"Wild fantasies arose in his mind; and he saw Samwise the Strong, Hero of the Age, striding with a flaming sword across the darkened land, and armies flocking to his call as he marched to the overthrow of Barad-dûr. And then all the clouds rolled away, and the white sun shone, and at his command the vale of Gorgoroth became a garden of flowers and trees and brought forth fruit. He had only to put on the Ring and claim it for his own, and all this could be. In that hour of trial it was the love of his master that helped most to hold him firm; but also deep down in him lived still unconquered his plain hobbit-sense: he knew in the core of his heart that he was not large enough to bear such a burden, even if such visions were not a mere cheat to betray him. The one small garden of a free gardener was all his need and due, not a garden swollen to a realm; his own hands to use, not the hands of others to command."
- J.R.R. Tolkien, The Lord of the Rings: The Return of the King

eldritchhobbit: (LOTR/Secret Gate)
I first met artist Jef Murray over a decade ago when we were both guests at the Tolkien event The Gathering of the Fellowship in Toronto. I most recently spent some wonderful time chatting with Jef and his lovely wife Lorraine last year when we were guests at A Long-Expected Party 3 in Kentucky. In between conventions and conferences, we kept in touch. His artwork delighted me, and I was thrilled when he offered to illustrate the deluxe hardback version of my edited edition of The Magic Ring by Baron de la Motte Fouqué. He shared his breathtaking art-in-progress with me as he worked (the book contains more than forty of his gorgeous illustrations), I shared my annotated music mix for the project with him, and the experience was a true joy.

The Magic Ring - Illustrated


If you're unfamiliar with Jef's remarkable art, do check out the website of Jef Murray Studios.

I was looking forward to seeing Jef again next year in Kentucky. The news of his sudden passing saddens me greatly. He was a rare soul and a truly gifted artist, and he brought beauty to everyone who knew him. Namárië, Jef.
eldritchhobbit: (Dracula/Gorey)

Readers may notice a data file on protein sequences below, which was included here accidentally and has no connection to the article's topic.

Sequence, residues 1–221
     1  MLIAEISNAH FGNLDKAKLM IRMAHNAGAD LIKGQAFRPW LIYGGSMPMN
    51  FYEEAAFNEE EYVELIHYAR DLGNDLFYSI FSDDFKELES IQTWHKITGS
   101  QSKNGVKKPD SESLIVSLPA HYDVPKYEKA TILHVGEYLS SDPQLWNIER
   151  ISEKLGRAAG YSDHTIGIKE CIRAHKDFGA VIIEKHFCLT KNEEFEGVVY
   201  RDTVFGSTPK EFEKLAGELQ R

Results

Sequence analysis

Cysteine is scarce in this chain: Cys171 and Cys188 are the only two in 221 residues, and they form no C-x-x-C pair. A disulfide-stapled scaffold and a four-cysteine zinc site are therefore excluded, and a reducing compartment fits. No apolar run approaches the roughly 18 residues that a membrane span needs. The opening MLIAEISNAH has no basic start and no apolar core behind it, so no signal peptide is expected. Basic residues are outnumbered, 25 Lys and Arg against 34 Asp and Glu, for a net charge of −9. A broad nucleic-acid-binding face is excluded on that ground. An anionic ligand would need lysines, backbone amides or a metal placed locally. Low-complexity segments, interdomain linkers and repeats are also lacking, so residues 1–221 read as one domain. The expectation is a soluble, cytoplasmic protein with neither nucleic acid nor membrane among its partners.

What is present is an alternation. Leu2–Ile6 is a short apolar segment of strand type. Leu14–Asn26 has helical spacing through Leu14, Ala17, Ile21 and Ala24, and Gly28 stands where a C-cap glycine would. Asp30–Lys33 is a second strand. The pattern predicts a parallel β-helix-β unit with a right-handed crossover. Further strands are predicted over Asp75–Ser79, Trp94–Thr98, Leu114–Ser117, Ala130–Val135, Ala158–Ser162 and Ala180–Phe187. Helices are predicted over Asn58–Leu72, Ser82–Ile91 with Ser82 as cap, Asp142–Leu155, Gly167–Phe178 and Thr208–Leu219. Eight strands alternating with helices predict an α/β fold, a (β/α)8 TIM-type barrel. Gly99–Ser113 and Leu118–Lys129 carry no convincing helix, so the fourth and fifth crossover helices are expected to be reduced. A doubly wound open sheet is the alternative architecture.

Christopher Lee's elegant and intelligent presence looms large in so many of the 'verses I love and study and research and teach: the Gothic, Holmesiana, Tolkieniana, Star Wars, etc. I'm handling the sad news today by imagining his *epic* reunion with his dear friend, Peter Cushing. Two one-of-a-kind gentlemen.

*moment of silence*

eldritchhobbit: (LOTR/Be At Peace)
* My friend Matthew Sanborn Smith (of the Beware the Hairy Mango podcast) has launched a new Kickstarter for his work-in-progress, Hive Five, which is a "weird and funny science fiction novel about five members of a hive mind who are not very good at being a hive mind." Matt's fiction has been published at Tor.com, Nature, and Chizine, among other places, and this new work sounds very promising. Please check out his Kickstarter!

* Are you in or near Boston? Check out this Lord of the Rings Movie Marathon, complete with Q&A and discussion with my fellow Mythgardian, Dr. Corey Olsen.

* Last, here's a new book recommendation: Romantic Outlaws: The Extraordinary Lives of Mary Wollstonecraft and Her Daughter Mary Shelley by Charlotte Gordon (2015). My review is here.

22294061
eldritchhobbit: (HP/Snape/Tori)
Curtis Weyant, who is both an all-around terrific guy and my former graduate student, addresses Michael Moorcock's (in)famous "Epic Pooh" essay and its assertions about J.R.R. Tolkien's work in his latest blog post.

And now, here are the most important film scenes about Severus Snape - in chronological order. Watch this. For reasons.

eldritchhobbit: (VA/love and despair)
Today is the birthday of J.R.R. Tolkien, creator of Hobbits and Dwarves and Elves and all of Middle-earth, who was born this day in 1892. You're invited to participate in The Tolkien Society's International Birthday Toast for 2015!

Happy thirteenth birthday to The Shire's Virginia Lórien, a.k.a. Virginia, the world's most beautiful Boston terrier and our very best friend, who was born this day in 2002. We love you, Sweetheart!

Here is the birthday girl.

Virginia in May 2014


More pictures of Virginia are here.


The quote for the day is from The Lord of the Rings: The Two Towers by J.R.R. Tolkien, and one of Virginia's favorite verses (because, after all, it mentions part of her name):

"Gandalf's Song of Lórien"

In Dwimordene, in Lórien
Seldom have walked the feet of Men,
Few mortal eyes have seen the light
That lies there ever, long and bright.
Galadriel! Galadriel!
Clear is the water of your well;